......Short figured memorably in the New Yorker’s front pages, which detailed the city’s boundless “Goings-On About Town.” Rogers Whitaker, the magazine’s nightlife reporter, had this to say about the emerging prince of the East Side piano bars: “Bobby Short, a nightingale who has sung in Berkeley Square, has a brand of heigh-ho that’s impulsive, upbeat, and alert.”
......The cover of Short’s 1959 album Bobby Short on the East Side, recorded in the bar of the Weylin Hotel, was its own glamorous invitation to New York. It showed him on Park Avenue, striking a dance step alongside a Rolls Royce with a white chauffeur. Both had been loaned by Ahmet Ertegun, the president of his record company, Atlantic. Inside the Weylin or any other bar he played, Short started a party every time he sat at the piano. Shoulders shimmying and head thrown back, he made life seem like an endless whirl of jaunts to the Riviera, Havana, and Rio; of nights spent “slumming on Park Avenue,” swilling champagne and flirting blithely with romance. With a French-style clipped vibrato and the occasional rolled r’s of Mabel Mercer, the Illinois-born entertainer was a total self-creation. But the society following he cultivated, and anyone else who wanted to feel sophisticated for a night, hung on his every word.
......A child performer in vaudeville, Short had spent years entertaining in Los Angeles cafés. But the New Yorker, which he read faithfully, had made him yearn “to be part of that whole East Side milieu,” as he later said. Rough as it was to sing for his supper in noisy rooms where the cigarette smoke invaded every fiber of his tuxedo, Short knew he was where he belonged.
......“It was glamorous, truly,” he said. “There was so much nightlife, so many places to go. New York was a late place back in those days. After working in a club you never went to bed; you went straight to P.J. Clarke’s. There were so many performers around town, and great personages that you’d heard about for years and years. We had columnists back in those days – Dorothy Kilgallen, Jack O’Brian. We also had what was known as High Society.” Before long he knew many of the composers whose songs he’d sung for years. Short and Harold Arlen used the same barbershop at the Lombardy Hotel; Vernon Duke became his close friend and Cole Porter an acquaintance. It wasn’t uncommon to see those giants at ringside, grinning up at Short.
......“Bobby was a pistol in those days – so cute, so full of energy,” said his longtime pal and peer, Charles Cochran. “He had more pizzazz than anyone working the lounges. There was a drum roll, he would be introduced, and he would run on and play a lot of silly chords, a pounding kind of thing to get the attention of the room. I think usually he worked his own lights. These were rooms that were not anything special, but he was clever enough to do a real show in them.”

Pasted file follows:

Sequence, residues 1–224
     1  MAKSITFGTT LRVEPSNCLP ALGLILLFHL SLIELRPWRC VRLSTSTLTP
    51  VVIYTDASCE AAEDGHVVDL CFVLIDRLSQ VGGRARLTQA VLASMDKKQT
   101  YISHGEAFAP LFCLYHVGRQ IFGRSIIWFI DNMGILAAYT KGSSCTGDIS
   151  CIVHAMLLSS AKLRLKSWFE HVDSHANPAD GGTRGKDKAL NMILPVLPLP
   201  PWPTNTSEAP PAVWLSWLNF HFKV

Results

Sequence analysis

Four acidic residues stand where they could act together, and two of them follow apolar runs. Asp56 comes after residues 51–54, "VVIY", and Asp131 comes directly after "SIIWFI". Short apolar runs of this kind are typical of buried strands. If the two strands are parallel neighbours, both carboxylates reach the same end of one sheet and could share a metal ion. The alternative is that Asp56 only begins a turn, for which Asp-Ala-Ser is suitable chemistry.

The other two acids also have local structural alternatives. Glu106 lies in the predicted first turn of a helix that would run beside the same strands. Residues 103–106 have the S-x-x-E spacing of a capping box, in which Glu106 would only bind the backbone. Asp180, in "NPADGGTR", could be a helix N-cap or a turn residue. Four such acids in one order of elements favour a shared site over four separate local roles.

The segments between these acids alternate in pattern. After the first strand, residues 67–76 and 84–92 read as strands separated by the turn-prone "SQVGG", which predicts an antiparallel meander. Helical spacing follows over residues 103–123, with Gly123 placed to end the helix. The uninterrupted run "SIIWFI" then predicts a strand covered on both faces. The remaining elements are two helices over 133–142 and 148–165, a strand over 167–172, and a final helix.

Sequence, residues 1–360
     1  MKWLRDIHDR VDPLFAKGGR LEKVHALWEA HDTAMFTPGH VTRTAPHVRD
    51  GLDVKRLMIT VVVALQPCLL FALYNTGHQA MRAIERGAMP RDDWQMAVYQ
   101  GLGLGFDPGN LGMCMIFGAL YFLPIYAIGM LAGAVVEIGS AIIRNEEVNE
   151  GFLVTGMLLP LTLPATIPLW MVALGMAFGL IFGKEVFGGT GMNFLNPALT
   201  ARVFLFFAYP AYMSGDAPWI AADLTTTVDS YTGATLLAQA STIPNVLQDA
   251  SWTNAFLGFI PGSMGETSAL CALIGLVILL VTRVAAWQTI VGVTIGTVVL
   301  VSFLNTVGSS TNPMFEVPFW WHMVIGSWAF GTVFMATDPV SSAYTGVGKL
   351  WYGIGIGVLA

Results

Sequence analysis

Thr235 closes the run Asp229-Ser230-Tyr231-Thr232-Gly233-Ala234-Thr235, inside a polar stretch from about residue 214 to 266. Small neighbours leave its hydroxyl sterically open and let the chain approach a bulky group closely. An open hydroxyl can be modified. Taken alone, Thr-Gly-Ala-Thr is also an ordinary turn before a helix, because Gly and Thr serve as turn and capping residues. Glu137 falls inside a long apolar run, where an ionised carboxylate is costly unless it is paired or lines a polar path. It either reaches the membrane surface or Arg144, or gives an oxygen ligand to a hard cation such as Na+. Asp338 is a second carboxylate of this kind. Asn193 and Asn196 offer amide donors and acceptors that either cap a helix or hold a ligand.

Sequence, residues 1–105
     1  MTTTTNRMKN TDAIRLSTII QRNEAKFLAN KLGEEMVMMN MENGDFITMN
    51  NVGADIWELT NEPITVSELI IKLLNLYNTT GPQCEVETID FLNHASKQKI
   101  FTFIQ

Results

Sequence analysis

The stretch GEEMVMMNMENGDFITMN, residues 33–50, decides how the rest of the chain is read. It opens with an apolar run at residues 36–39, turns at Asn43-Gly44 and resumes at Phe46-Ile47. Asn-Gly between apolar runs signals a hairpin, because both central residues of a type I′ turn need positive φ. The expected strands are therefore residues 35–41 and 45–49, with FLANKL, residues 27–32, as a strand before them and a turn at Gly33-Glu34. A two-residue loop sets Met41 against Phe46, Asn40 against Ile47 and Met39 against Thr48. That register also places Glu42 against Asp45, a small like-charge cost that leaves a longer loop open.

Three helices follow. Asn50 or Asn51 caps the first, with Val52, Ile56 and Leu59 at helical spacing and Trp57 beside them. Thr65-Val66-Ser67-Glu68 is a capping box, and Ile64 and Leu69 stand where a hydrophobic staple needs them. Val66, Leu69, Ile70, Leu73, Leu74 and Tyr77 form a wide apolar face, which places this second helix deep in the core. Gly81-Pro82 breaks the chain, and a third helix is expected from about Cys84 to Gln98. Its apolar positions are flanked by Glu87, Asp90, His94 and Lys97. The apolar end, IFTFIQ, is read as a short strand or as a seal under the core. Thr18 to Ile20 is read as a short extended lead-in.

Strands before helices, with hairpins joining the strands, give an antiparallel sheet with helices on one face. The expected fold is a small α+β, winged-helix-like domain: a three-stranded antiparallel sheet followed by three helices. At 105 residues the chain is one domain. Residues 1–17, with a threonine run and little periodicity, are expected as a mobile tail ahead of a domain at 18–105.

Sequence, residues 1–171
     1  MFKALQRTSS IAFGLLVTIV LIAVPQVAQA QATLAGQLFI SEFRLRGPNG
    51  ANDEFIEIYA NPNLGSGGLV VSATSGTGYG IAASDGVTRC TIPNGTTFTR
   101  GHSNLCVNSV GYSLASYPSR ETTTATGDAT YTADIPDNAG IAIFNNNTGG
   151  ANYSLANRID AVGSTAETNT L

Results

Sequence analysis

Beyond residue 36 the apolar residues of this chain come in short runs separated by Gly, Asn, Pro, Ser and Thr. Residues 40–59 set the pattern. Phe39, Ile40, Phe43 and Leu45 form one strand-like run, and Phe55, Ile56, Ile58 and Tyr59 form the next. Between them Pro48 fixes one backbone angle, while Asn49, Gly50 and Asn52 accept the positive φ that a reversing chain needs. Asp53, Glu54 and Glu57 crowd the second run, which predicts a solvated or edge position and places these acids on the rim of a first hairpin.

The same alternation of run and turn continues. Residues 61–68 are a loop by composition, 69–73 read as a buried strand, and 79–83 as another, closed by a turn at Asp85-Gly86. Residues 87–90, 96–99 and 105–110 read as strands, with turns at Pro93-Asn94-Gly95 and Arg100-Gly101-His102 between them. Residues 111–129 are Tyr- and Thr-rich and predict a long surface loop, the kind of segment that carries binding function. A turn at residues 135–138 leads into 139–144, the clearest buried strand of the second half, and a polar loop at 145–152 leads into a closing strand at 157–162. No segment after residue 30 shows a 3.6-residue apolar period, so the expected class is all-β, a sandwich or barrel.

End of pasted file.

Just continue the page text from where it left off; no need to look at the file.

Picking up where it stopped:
......One afternoon in 1956, Irvin Arthur, a fledgling talent agent and young married man, went combing the streets of midtown, looking for clubs in which he might be able to book piano players. He walked into the elegantly named RSVP, a forty-four-seat hole-in-the-wall that faced the Blue Angel. Inside he saw an inelegant sight. At the end of the bar stood the owner, Murray Shapiro. “He was three sheets to the wind,” said Arthur. “Two guys were standing in front of him and they were pummeling him, hitting in the stomach. He wasn’t paying his loans from the shylocks. He was crying: ‘I’ll pay you, I’ll pay you!’ They kept hitting him.
......“I slipped out and went to a phone. I called this guy I knew, a loan shark, and said, ‘What’s the story with this joint, the RSVP?’ He said, ‘Whaddya ya wanna know for?’ I said, ‘I kinda like that club.’ ‘He said, ‘You have seventeen-hundred and fifty dollars?’ I said, ‘Yeah.’ He said, ‘OK, Irvin, you own a club.’
......For the next four years, Arthur got little sleep. “All I knew is that Mabel Mercer was looking for a gig,” he explained almost fifty years later. “I thought this would be a good room for her.”
......He called his wife, Sandy, who was employed at a woodworking shop. “How do we get $1,750?” he asked.
......The young couple managed to secure a bank loan. Suddenly, without knowing a thing about the business, they had acquired a saloon that was small in size but big on headaches. The liquor license cost thousands. Then there were the electric bills Shapiro had left unpaid. Sandy learned of the latter when she showed up for her first day at RSVP and found the door padlocked.
......“I went to a telephone booth and called Irv and said, ‘What the hell are you doing to me?’ I was so angry at him for getting us involved in this.” She stormed back to RSVP and yanked the padlock so hard she broke it off. “I walked in and called him back. I said, ‘OK, I’m in here.’ We opened that night by candlelight.”